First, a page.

MASTERSON ONLINE: Disproportionate voice

It’s remarkable how a terminally diseased 11-month-old child in England, his life hardly begun, can scream to the world in such a disproportionate voice about an immoral flaw in single-payer medicine.

Yet that’s exactly what little Charlie Gard has been doing in recent weeks as the English courts and an onerous medical bureaucracy intent decided Charlie won’t receive last-chance experimental treatments in the United States that might ease his suffering, perhaps even save his life.

The U.S. press has carried some stories of the controversy, yet nothing to compare with the stream of accounts appearing in the British press. This is a huge story mainly because it shows the planet just how single-payer health care and the decisions its bureaucratic committees make decide the fates of seriously ill people, even that of a child.

For those unfamiliar with the story, an Internet check gives the details of Charlie’s plight from when his parents and compassionate supporters raised $1.7 million to help fly their son to the U.S., where doctors at New York’s Columbia Presbyterian Medical Center had offered resources for experimental treatment of his rare mitochondrial DNA depletion syndrome.

The single-payer approach wouldn’t pay for those treatments. But that became a moot point when Gard family raised the necessary funds to hopefully save their child. It wasn’t about economics but control.

As of late this week (there was one final appeal hearing pending that hopefully changed developments in Charlie’s case since my deadline) the governmental systems of jurisprudence and medical care in Great Britain had thrown up a wall of solid resistance.

There’s bound to be something sadly missing from the human compassion genes of those who would deny Charlie and his family an expense-paid chance, however slight, to try to help improve his health and hopefully extend his life.

Certainly our president and even the pope could empathize with Charlie and his family. Both lined up solidly to offer their help in any way possible. Still no budging. It’s reminiscent for me of the intractable French policeman named Javert in the Broadway hit Les Miserables who loudly proclaims that he is the law and the law is not to be mocked. Well, obviously neither is the single-payer system.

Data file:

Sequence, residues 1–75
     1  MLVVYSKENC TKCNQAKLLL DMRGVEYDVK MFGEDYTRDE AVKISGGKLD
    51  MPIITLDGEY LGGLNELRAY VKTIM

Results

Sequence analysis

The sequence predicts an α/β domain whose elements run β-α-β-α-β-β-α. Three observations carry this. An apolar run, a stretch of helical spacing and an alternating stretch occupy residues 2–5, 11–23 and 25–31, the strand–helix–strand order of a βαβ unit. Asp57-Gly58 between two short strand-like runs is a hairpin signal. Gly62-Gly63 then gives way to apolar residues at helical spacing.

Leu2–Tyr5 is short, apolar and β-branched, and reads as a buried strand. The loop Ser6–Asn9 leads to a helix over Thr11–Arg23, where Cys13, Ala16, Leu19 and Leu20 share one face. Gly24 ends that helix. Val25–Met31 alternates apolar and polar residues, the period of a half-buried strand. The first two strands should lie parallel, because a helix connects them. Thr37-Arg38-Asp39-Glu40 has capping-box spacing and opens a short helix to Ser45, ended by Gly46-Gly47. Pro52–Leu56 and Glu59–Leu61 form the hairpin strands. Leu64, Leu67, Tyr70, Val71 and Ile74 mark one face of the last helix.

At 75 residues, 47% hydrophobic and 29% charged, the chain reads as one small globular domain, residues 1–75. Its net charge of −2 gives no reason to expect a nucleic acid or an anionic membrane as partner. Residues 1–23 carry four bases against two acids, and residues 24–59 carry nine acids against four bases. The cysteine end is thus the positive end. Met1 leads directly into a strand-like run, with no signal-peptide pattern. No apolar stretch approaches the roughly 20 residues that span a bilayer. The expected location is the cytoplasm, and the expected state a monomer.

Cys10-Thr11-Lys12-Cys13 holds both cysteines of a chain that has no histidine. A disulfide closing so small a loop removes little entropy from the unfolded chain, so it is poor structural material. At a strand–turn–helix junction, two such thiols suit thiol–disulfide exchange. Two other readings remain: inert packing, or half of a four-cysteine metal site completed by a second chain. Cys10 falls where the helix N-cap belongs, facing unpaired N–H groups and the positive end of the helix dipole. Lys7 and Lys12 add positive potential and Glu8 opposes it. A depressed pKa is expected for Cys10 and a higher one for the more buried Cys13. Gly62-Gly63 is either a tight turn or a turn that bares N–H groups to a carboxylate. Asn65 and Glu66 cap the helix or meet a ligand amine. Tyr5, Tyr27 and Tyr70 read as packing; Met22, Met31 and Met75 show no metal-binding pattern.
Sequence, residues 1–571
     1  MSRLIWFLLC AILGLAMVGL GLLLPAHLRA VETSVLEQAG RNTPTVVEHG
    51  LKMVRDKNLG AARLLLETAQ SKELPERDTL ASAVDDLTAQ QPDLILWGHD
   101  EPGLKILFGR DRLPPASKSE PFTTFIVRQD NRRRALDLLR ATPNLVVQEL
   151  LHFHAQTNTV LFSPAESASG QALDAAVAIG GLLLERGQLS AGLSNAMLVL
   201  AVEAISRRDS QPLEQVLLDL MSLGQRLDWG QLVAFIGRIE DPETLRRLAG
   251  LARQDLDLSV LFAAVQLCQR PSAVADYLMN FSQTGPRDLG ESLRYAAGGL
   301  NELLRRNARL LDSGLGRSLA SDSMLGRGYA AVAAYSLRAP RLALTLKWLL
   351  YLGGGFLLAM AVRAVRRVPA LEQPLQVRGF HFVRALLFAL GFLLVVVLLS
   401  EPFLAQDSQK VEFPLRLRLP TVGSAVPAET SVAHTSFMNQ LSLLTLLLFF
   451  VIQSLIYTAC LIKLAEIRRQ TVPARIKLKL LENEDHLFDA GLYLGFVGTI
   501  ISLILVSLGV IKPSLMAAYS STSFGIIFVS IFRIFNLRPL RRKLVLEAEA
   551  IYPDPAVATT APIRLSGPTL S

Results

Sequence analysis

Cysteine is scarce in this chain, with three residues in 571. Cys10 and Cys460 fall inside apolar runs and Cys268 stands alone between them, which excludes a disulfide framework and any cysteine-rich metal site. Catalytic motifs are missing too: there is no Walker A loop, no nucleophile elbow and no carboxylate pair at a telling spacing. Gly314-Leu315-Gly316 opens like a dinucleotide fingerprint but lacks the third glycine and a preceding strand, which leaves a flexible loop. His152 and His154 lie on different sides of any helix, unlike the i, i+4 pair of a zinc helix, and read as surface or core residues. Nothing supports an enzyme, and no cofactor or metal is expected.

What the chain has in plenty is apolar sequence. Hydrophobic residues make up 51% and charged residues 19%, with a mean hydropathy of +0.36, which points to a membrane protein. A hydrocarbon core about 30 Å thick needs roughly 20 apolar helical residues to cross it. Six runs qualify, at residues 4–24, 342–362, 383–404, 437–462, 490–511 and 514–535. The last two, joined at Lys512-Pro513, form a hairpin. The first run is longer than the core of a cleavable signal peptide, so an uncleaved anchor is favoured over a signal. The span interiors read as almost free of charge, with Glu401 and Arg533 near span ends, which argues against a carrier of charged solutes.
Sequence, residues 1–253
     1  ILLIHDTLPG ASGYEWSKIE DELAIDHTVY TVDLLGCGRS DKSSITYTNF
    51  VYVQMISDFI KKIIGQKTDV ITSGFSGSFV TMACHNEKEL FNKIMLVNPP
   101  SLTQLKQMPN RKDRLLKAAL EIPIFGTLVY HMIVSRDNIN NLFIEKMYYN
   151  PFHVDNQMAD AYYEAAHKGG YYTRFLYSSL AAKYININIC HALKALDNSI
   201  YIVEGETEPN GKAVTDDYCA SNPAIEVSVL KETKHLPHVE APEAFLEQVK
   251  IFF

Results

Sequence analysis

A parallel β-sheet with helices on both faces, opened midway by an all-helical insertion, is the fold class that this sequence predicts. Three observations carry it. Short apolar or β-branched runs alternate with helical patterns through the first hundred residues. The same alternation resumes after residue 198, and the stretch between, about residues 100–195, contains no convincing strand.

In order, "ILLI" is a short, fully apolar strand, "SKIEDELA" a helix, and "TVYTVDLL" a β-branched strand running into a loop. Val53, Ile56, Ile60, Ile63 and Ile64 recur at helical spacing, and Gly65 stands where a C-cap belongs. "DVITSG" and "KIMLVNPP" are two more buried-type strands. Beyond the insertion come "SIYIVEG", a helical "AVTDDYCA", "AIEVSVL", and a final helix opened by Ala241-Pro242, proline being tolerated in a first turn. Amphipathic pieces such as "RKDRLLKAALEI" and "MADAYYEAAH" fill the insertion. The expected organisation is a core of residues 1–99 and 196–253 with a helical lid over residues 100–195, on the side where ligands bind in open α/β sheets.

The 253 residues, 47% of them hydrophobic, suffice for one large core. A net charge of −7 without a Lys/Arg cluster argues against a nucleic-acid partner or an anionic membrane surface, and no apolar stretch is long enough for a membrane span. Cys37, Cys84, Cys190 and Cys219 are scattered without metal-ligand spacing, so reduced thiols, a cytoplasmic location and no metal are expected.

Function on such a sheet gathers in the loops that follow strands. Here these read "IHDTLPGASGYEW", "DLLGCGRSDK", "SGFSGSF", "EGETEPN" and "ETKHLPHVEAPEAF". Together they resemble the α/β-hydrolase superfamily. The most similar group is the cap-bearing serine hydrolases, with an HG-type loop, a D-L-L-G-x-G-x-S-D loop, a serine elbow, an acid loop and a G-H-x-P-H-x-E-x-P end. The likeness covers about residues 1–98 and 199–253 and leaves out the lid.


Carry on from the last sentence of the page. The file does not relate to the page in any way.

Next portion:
This unacceptable and illogical decision by the English government is now on display for the world due to the sufferings of a baby none of us will ever know. In that respect, even should little Charlie not survive, he will have made an enormous difference by having lived long enough to hopefully clear our vision.

Charlie’s plight provides a penetrating look into the callousness of single-payer health care managed by little public “servants” in big jobs with enormous powers.

Somehow, I don’t believe that’s not a health-care program the vast majority of rational-thinking adult Arkansans and Americans want to see for this nation and its children.

There’s much truth in the adage that those who control health care for the masses also invariably will control the masses. Charlie Gard’s life provides the evidence.

Perils of overthinking

I watched a friend grind over a 5-foot putt for more than a minute the other day. He walked to survey it from both sides. He took a few practice swings before finally addressing the ball. Then, in his intellectualized attempt to guide the ball into the hole, he missed by two inches.

Another player on the same green facing virtually the same putt took a good look, a single practice swing, kept his head still, and trusted his read enough to stoke confidently the ball squarely into the hole. He felt it.

On my way home that evening, I saw a squirrel dart from right to left in front of my car. Safely reaching the curb, he suddenly whirled and zipped back beneath my wheels. Nothing I could do except regret the furry little fella’s fatal indecision.

Over dinner at a restaurant, another friend agonized between three possible meals, including the one he always enjoyed. The other two were new and sounded delicious on the menu. He asked the waiter’s advice and mine. Finally he went with one of the untrieds and wound up disappointed. “Why didn’t I just stick with what I knew was great?” he lamented.

These kinds of experiences set me to wondering how much detrimental overthinking we all do. I know I’m certainly guilty of finally pulling the trigger on a choice that didn’t result in the outcome I’d hoped for. Gut instinct and intuition can prove as effective as any tedious mind-churn I apply to life’s dilemmas.

I’ve come to believe at this age how much better off I’d be to reflect on a problem or situation for a reasonable period then get on with doing it.

Even when I’m mistaken in my choices, or misjudge the consequences, I generally figure out a suitable way to recover, adjust and move on.

Over-analyzing in many instances (golf or otherwise) can lead to paralysis generated by my overpowering desire to control an outcome. Excessive cogitation may feel necessary or even wise, but often simply gets in the way of the correct choice.

I’m convinced it benefits us best to simplify and trust the lessons and experiences we’ve known to make the best possible decisions. Or, you can continue over-analyzing. It’s your life.

Mike Masterson is a longtime Arkansas journalist. Email him at mmasterson@arkansasonline.com.

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